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We are, to put it bluntly, putting all of our eggs in one mighty large basket.
You’d have to be blind, deaf and clueless to see downtown in its current state of end-to-end traffic congestion and not realize that it will be a lot quieter, cleaner, and more pleasant when through traffic is routed elsewhere.
But, then what?
If a giant spaceship landed tomorrow and beamed up all the traffic currently riding on Highway 97, what would you find downtown?
Probably the most atrocious arterial roads in any city west of the Rockies, empty storefronts side by side with thriving businesses, attractive buildings nestled next to marginal outfits that may or may not be there the next month. Just how is this going to transform itself magically into a bustling retail hub?
Well, it’s not.
The only thing that’s going to ‘revitalize’ downtown
We already know that it’s unlikely ODOT is going to pony up any funds to fix Fifth and Sixth streets after they’ve had their way with them and move onto the shinier, newer reroute. And it’s even less likely that any sugar daddy funding source is going to drop out of the sky with several million dollars in his pocket to help us fix our roads.
That leaves it up to us -- and the city has already said that repairs will probably be lengthy in time and small in scope, tiny bites out of a mother of an asphalt sandwich.
So, picture a downtown of sad little roads and a mixture of healthy and sick businesses and buildings. That’s what we’ll be left with when the ribbon is cut late in 2008 – not very different than today except it will have a lot less traffic cutting through it.
How can we alter that future? Maybe with a lot of sweat and a big dose of reality. If the city, the chamber of commerce, Redmond Economic Development, Redmond Downtown Partnership and investors work together to make it possible for owners to refurbish fading buildings and fill them with strong, vibrant businesses before the cars leave we may be able to change our fate.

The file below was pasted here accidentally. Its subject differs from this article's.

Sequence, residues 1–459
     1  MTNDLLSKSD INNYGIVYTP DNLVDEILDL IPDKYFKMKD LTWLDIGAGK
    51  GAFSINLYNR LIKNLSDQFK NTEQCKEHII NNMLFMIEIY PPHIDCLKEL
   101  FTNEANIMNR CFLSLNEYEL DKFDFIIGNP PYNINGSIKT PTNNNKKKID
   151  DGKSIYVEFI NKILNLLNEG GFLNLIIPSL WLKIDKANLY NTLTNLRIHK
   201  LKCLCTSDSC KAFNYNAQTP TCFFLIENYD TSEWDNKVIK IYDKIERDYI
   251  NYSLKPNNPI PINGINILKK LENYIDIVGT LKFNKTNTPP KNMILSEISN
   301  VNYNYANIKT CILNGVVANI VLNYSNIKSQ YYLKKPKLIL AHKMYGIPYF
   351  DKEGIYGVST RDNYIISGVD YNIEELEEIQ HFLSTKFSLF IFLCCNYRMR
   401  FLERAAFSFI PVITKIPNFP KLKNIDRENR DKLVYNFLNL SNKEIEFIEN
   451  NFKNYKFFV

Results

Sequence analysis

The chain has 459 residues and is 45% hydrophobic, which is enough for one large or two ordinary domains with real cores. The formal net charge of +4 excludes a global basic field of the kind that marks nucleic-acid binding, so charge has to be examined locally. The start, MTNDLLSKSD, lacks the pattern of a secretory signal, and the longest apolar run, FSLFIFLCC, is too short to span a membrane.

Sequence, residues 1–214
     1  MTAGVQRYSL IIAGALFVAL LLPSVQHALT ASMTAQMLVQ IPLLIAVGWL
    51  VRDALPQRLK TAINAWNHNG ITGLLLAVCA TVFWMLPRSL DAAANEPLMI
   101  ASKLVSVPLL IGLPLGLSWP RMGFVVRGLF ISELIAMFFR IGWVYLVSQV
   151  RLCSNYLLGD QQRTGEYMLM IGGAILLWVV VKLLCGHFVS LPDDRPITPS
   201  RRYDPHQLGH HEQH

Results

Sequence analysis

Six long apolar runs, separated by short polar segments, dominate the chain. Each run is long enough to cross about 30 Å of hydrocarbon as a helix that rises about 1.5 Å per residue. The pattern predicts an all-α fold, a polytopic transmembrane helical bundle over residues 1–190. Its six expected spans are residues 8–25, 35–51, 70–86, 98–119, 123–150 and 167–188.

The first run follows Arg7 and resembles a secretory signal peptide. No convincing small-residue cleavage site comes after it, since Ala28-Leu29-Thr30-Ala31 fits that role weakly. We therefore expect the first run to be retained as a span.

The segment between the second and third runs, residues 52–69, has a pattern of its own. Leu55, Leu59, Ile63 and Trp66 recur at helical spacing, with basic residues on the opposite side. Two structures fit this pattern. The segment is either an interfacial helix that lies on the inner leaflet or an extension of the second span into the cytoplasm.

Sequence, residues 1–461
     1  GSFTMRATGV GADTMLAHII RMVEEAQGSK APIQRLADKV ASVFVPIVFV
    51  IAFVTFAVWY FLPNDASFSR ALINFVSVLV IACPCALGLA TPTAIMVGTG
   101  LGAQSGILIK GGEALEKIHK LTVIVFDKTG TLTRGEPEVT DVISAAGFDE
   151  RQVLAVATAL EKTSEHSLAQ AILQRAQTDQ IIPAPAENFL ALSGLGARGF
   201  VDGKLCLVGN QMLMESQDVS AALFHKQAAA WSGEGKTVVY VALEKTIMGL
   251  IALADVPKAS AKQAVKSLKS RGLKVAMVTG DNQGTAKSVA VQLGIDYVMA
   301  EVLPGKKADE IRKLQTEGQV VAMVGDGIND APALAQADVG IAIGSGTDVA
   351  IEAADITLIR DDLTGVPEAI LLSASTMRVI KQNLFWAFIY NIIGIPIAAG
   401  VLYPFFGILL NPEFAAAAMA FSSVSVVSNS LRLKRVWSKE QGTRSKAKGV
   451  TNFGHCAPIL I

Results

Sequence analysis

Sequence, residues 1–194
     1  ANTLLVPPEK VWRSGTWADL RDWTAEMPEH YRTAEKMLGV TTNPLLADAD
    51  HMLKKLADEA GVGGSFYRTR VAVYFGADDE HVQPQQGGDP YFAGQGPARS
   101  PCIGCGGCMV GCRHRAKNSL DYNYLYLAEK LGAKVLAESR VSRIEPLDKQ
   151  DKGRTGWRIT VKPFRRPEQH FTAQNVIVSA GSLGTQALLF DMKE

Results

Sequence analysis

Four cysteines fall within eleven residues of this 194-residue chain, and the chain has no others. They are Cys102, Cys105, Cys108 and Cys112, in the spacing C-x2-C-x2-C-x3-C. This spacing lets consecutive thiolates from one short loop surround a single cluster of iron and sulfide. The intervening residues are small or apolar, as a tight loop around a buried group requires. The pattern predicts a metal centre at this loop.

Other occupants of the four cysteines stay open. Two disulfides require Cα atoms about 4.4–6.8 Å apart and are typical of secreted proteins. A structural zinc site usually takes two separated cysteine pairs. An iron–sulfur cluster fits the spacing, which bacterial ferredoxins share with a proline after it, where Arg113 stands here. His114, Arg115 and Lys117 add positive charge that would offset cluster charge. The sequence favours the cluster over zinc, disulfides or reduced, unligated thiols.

Convincing businessmen to invest in something that may not show much profit for years is a hard sell. “Buy a building in the center of Redmond (or open your business),” the pitch may be, “It’ll be great. In three or five or 10 years it’ll be the most popular place in town.”
See, this is our dilemma. A reroute is not a magic bullet. We still need to fix our streets, add more parking (or get better signage for what’s already available), lure more business and clean up our buildings.
Oh, and we need people. People would be good. As soon as we do this -- before we do this -- we need to start the task of rebranding Redmond’s downtown as the place to be so visitors who think only of Sisters or Bend will now think Redmond as well.
And don’t forget the locals. Retraining ingrained shopping habits is going to be a long, hard slog. That task could even begin now, with more concentrated, cohesive efforts by downtown businesses to market their sector to the people who live here. Ideally, by the time the ribbon is cut on the reroute everyone who calls